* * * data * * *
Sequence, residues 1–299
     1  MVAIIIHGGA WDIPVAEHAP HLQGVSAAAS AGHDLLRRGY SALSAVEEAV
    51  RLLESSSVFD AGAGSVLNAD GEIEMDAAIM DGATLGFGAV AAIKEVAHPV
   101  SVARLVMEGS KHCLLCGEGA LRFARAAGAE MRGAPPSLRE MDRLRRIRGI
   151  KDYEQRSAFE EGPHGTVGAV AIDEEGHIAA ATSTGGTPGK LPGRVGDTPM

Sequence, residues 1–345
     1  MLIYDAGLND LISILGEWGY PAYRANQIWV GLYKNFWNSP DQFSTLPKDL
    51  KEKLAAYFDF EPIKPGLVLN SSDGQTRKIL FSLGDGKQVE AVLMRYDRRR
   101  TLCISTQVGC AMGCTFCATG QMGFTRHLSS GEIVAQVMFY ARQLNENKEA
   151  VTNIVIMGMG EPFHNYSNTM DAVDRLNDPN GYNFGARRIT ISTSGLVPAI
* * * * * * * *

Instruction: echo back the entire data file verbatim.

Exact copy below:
Sequence, residues 1–299
     1  MVAIIIHGGA WDIPVAEHAP HLQGVSAAAS AGHDLLRRGY SALSAVEEAV
    51  RLLESSSVFD AGAGSVLNAD GEIEMDAAIM DGATLGFGAV AAIKEVAHPV
   101  SVARLVMEGS KHCLLCGEGA LRFARAAGAE MRGAPPSLRE MDRLRRIRGI
   151  KDYEQRSAFE EGPHGTVGAV AIDEEGHIAA ATSTGGTPGK LPGRVGDTPM

Sequence, residues 1–345
     1  MLIYDAGLND LISILGEWGY PAYRANQIWV GLYKNFWNSP DQFSTLPKDL
    51  KEKLAAYFDF EPIKPGLVLN SSDGQTRKIL FSLGDGKQVE AVLMRYDRRR
   101  TLCISTQVGC AMGCTFCATG QMGFTRHLSS GEIVAQVMFY ARQLNENKEA
   151  VTNIVIMGMG EPFHNYSNTM DAVDRLNDPN GYNFGARRIT ISTSGLVPAI